Spatial variability of urban climate in response to quantitative trait of land cover based on GWR model

  • Xisheng Hu
  • Hanqiu XuEmail author


Land surface temperature and moisture are central components of the Earth’s surface heat budget. China has experienced substantial land use/cover change that has led to deterioration of the urban microclimate, thus affecting global climate change. Understanding the spatial non-stationarity in the relationships between climate and land cover across a highly heterogeneous surface of urban landscapes is important for improving urban planning and management. This study used Landsat-8 OLI/TIRS data to explore the relationship of the three components (index-based built-up index (IBI); bare soil index (SI); and normalized difference vegetation index (NDVI)) with the urban climate (land surface temperature (LST) and land surface moisture (LSM)) using both a global model (ordinary least squares (OLS)) and a local model (geographically weighted regression (GWR)) for a megacity in Southeast China. The global regression results showed that there were significant positive correlations between the LST and the IBI and SI, while significant negative correlations were observed between the LST and the NDVI; opposite results were observed for the LSM. The IBI is the factor having the greatest impact on the LST, while the SI is among the most important factors for the LSM. The local regression results showed that the response of urban climate to land surface is affected greatly by water areas, but the role of the water areas is impacted by their size and surrounding landscape patterns. Moreover, the effects of vegetation and built-up land on the urban climate vary across locations with different wind patterns.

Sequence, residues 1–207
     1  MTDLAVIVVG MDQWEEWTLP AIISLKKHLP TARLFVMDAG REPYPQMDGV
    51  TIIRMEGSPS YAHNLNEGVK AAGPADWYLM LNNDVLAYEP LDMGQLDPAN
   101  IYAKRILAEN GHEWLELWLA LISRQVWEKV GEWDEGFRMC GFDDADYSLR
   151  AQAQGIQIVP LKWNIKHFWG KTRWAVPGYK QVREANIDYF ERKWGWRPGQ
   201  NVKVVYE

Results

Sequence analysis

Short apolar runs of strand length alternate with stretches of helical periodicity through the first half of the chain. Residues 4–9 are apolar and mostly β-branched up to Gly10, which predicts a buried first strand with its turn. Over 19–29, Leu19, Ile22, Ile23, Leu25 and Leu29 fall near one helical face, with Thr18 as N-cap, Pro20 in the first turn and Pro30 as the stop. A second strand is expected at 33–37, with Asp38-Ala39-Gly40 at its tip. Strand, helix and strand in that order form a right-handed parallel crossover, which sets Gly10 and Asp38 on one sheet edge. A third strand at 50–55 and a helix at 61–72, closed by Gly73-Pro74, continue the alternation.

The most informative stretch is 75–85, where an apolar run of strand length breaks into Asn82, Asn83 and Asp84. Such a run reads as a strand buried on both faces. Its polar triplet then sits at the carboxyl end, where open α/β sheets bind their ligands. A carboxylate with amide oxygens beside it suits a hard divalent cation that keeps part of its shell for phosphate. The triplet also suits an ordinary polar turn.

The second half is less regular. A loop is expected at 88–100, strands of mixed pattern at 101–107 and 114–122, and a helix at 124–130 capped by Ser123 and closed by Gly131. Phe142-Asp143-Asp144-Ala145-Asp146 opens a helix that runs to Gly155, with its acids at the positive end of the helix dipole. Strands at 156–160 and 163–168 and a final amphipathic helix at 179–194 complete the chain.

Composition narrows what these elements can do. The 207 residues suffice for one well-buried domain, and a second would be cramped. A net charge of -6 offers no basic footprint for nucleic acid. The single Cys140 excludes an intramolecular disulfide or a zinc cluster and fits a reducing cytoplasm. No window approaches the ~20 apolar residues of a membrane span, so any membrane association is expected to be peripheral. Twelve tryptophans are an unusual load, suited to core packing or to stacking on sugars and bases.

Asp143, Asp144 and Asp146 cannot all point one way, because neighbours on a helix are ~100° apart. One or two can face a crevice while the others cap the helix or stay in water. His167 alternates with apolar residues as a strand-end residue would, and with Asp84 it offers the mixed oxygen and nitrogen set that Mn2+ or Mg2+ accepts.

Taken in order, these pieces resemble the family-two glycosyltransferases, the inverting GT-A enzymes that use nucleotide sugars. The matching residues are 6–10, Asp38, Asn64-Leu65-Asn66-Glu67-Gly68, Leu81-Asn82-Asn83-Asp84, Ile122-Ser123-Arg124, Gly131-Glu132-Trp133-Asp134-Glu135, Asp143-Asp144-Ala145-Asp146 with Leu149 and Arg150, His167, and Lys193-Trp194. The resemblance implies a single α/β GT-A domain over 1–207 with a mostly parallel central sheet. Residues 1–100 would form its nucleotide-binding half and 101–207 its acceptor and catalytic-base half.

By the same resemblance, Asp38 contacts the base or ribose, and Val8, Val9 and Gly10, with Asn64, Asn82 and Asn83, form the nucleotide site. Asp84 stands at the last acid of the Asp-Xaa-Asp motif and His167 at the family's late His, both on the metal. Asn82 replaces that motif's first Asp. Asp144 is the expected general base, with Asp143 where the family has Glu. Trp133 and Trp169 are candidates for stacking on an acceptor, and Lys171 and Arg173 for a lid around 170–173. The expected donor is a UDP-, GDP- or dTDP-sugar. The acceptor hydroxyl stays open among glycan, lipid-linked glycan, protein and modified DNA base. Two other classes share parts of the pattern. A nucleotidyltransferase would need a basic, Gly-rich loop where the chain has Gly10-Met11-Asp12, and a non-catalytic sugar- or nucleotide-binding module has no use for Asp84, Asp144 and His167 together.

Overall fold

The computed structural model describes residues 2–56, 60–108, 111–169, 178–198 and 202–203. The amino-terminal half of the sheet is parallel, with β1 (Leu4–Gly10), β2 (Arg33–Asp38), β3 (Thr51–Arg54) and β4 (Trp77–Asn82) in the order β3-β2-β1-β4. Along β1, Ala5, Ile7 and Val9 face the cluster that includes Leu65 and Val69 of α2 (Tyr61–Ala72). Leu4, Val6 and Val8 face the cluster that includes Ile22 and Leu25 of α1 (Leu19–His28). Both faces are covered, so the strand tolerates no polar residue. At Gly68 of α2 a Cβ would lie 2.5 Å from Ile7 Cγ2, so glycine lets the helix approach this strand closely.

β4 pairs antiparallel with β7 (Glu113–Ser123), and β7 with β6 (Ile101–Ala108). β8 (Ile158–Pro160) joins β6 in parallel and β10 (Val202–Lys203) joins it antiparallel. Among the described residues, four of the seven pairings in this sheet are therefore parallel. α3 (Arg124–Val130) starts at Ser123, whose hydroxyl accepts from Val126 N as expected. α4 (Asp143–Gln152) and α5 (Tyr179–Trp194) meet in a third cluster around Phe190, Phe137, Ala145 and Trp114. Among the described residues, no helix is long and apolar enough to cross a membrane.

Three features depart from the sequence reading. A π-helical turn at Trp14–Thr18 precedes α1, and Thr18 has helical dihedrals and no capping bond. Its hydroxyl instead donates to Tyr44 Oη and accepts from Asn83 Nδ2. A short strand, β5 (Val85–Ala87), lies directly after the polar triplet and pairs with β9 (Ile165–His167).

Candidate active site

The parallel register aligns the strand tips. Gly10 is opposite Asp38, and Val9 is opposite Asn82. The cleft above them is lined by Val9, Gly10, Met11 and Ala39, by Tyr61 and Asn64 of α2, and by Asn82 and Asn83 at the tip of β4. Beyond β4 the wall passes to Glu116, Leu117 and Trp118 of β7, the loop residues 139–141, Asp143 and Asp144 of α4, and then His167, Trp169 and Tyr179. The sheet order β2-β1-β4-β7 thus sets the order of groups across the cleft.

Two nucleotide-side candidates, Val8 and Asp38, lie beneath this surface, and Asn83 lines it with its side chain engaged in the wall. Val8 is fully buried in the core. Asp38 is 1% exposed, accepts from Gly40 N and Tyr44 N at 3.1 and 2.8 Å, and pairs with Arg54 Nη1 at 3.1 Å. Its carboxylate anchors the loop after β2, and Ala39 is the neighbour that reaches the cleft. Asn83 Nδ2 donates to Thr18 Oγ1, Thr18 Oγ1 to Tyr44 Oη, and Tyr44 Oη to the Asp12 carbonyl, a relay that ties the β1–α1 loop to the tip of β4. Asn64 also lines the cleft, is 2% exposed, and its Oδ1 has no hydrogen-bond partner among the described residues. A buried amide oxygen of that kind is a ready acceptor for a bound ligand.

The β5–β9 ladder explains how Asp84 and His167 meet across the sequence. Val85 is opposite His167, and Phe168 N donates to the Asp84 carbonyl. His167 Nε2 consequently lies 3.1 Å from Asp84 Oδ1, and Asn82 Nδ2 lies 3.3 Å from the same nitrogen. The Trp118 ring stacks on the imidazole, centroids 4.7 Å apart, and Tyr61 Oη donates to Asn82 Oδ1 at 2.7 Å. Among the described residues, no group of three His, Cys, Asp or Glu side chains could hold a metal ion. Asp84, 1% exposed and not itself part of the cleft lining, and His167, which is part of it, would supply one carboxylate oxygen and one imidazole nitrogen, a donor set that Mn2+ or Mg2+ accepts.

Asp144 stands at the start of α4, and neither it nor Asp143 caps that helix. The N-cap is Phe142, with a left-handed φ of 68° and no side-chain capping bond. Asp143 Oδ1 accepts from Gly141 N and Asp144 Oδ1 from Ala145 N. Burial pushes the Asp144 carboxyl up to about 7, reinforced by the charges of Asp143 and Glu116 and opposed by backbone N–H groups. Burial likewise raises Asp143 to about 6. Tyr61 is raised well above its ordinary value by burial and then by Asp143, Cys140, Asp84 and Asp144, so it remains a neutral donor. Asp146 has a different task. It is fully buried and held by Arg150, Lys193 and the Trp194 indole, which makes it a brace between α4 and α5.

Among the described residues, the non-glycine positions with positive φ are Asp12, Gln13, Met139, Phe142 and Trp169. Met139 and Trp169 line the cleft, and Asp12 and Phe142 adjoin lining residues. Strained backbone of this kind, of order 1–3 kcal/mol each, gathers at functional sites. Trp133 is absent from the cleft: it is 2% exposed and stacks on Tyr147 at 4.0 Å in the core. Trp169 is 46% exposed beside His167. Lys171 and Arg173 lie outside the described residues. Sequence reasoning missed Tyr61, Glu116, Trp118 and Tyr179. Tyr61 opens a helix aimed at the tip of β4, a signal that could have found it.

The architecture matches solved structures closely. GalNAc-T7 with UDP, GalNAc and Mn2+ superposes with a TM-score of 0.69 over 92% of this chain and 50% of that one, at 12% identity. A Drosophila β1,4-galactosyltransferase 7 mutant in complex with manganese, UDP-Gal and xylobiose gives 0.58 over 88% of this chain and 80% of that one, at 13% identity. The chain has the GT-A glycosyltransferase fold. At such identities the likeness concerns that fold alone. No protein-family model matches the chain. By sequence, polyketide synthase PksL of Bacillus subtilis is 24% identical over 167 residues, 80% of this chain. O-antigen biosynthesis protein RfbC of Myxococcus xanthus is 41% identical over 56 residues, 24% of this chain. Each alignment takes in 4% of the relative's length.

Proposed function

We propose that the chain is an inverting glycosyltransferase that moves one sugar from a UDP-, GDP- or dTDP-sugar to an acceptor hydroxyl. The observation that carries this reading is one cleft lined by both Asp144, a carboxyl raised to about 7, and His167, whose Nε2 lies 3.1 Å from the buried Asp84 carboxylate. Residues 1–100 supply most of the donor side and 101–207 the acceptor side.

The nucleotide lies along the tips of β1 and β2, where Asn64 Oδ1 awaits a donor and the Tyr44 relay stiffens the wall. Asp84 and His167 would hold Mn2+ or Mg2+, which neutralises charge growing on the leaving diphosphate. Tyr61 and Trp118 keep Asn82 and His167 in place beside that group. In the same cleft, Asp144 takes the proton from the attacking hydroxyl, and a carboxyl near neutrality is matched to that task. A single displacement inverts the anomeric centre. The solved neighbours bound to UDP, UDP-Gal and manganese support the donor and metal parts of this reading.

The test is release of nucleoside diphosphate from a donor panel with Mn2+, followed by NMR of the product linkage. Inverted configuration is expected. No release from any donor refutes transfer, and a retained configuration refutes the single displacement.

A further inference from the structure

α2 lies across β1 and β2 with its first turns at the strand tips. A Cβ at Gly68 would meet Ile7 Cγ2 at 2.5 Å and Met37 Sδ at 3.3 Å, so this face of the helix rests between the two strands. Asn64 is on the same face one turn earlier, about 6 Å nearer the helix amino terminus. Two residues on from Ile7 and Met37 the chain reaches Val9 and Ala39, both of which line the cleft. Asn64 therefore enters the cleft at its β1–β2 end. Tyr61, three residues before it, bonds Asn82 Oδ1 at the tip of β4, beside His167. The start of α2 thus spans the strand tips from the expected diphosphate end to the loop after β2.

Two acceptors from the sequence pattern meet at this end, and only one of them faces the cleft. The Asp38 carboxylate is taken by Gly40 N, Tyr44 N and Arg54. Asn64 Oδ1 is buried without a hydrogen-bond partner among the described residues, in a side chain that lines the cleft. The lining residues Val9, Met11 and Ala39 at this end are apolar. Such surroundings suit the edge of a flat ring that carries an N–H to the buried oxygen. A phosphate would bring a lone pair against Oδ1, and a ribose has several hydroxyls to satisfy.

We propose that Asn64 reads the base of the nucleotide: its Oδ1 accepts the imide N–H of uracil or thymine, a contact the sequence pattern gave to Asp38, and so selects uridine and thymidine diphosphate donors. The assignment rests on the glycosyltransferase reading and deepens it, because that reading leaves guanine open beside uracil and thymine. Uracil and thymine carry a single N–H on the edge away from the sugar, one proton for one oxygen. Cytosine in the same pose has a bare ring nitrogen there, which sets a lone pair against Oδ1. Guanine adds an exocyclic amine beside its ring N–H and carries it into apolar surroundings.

Global climate change Geographically weighted regression Land surface temperature Land surface moisture Land use/cover change Fuzhou 


Funding information

This research was funded by the China Postdoctoral Science Foundation (no. 2017M610390), the National Natural Science Foundation of China (no. 41201100), and the Natural Science Foundation of Fujian Province (no. 2015J01606), to which we are very grateful.

Compliance with ethical standards

Conflict of interest

The authors declare that there is no conflict of interest.


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© Springer Nature Switzerland AG 2019

Authors and Affiliations

  1. 1.College of Environment and ResourcesFuzhou UniversityFuzhouChina
  2. 2.College of Transportation and Civil EngineeringFujian Agriculture and Forestry UniversityFuzhouChina
  3. 3.Institute of Remote Sensing Information EngineeringFuzhou UniversityFuzhouChina
  4. 4.Fujian Provincial Key Laboratory of Remote Sensing of Soil Erosion and Disaster ProtectionFuzhouChina

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